Where can I find eval rules for ruby?

Can anyone point me to a specification on Ruby's evaluation rules?

I am trying to understand Domain Specific Language implementation in Ruby,
there are lot of examples such as
http://www.infoq.com/articles/eval-options-in-ruby, but I can't find a
definitive guide on the interpreters rule for evaluating a line of DSL
String in instance_eval call.

thanks for your help

daryoush

Daryoush Mehrtash wrote:

I am trying to understand Domain Specific Language implementation in Ruby,
there are lot of examples such as
http://www.infoq.com/articles/eval-options-in-ruby, but I can't find a
definitive guide on the interpreters rule for evaluating a line of DSL
String in instance_eval call.

DSL is a state of mind, not a language inside a string inside a language.

The state of mind is that you intend to write in one language style,
inside another language. For example, Rake is a _light_ form of rule
solver, so you can write it in a format paralleling a Makefile:

  task :rule_1 => [:rule_2, :rule_C] do
     evaluate_rule_1
  end

To write in a declarative mode, write object methods with store their
commands in an engine, and then process the engine. Here's a little
Flea script to draw a spiral:

egg = startOvum(18, 45, 100)
ax = egg.newRootAxiom('A')
b = egg.newAxiom('B')

ax.longer(6).right.color(1).gosub(b)
b.tube.shorter(0.8).left.link(b)
render egg

The commands like longer, right, color, etc are turtle graphics
describing a shape. render then outputs the shape.

All the ActiveRecord association commands - has_many, belongs_to, etc
- qualify as DSLs too. The goal is to give your user-programmer a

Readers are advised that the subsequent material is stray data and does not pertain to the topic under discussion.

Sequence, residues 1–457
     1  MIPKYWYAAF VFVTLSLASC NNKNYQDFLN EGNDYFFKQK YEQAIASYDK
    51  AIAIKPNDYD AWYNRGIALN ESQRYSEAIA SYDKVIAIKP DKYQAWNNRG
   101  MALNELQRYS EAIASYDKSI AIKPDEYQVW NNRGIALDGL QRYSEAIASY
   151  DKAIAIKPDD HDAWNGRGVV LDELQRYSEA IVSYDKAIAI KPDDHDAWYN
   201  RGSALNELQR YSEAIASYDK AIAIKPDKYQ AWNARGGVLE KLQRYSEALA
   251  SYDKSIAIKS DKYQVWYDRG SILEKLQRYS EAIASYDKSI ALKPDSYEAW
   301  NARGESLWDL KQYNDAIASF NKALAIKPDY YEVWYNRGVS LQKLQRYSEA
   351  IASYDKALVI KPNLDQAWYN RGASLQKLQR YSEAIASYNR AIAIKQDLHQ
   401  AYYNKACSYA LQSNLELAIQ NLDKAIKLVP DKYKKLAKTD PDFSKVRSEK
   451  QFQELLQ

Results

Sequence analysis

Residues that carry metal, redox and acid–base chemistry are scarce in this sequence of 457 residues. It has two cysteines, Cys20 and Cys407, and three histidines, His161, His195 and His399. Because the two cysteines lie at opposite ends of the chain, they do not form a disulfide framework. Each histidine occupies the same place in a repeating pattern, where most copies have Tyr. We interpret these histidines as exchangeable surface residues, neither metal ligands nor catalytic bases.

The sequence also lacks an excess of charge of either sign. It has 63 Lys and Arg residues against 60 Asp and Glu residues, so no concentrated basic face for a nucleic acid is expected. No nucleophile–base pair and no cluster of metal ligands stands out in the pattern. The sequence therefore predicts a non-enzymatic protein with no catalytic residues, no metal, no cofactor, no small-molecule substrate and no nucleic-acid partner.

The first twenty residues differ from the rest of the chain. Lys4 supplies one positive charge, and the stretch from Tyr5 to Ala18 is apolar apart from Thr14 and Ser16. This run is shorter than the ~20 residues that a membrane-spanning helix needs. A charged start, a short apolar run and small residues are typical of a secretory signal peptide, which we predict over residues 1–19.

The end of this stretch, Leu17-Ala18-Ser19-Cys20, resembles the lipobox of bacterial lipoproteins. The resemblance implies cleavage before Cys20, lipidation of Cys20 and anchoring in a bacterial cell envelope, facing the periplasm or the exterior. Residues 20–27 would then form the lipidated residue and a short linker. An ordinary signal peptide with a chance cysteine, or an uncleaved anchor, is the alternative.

clear but deep interface, so they can write the command they need, in
the relevant context they need, and the engine on the inside hides the
complexity.

···

--
Phlip
http://www.oreilly.com/catalog/9780596510657/
^ assert_xpath
http://tinyurl.com/yrc77g <-- assert_latest Model

This is exactly the issue I am trying to understand:

To write in a declarative mode, write object methods with store their

commands in an engine, and then process the engine.

I need to understand the object methods I would need to support the
evaluation, and the sequence of calls.

For example, let say I create and object instance and instance_eval
the following:

if the '$1-$2 No Limit' list is more than 15 then notify the floor to open

this seems to result in
(than 15)
(more (than 15))
(is (more (than 15))) ...

What I am looking for is the rule that the ruby interpreter uses to evaluate
a given script.

daryoush

···

On 8/15/07, Phlip <phlip2005@gmail.com> wrote:

Daryoush Mehrtash wrote:

> I am trying to understand Domain Specific Language implementation in
Ruby,
> there are lot of examples such as
> http://www.infoq.com/articles/eval-options-in-ruby, but I can't find a
> definitive guide on the interpreters rule for evaluating a line of DSL
> String in instance_eval call.

DSL is a state of mind, not a language inside a string inside a language.

The state of mind is that you intend to write in one language style,
inside another language. For example, Rake is a _light_ form of rule
solver, so you can write it in a format paralleling a Makefile:

  task :rule_1 => [:rule_2, :rule_C] do
     evaluate_rule_1
  end

To write in a declarative mode, write object methods with store their
commands in an engine, and then process the engine. Here's a little
Flea script to draw a spiral:

egg = startOvum(18, 45, 100)
ax = egg.newRootAxiom('A')
b = egg.newAxiom('B')

ax.longer(6).right.color(1).gosub(b)
b.tube.shorter(0.8).left.link(b)
render egg

The commands like longer, right, color, etc are turtle graphics
describing a shape. render then outputs the shape.

All the ActiveRecord association commands - has_many, belongs_to, etc
- qualify as DSLs too. The goal is to give your user-programmer a
clear but deep interface, so they can write the command they need, in
the relevant context they need, and the engine on the inside hides the
complexity.

--
Phlip
http://www.oreilly.com/catalog/9780596510657/
^ assert_xpath
http://tinyurl.com/yrc77g <-- assert_latest Model

--
Daryoush

Weblog: http://perlustration.blogspot.com/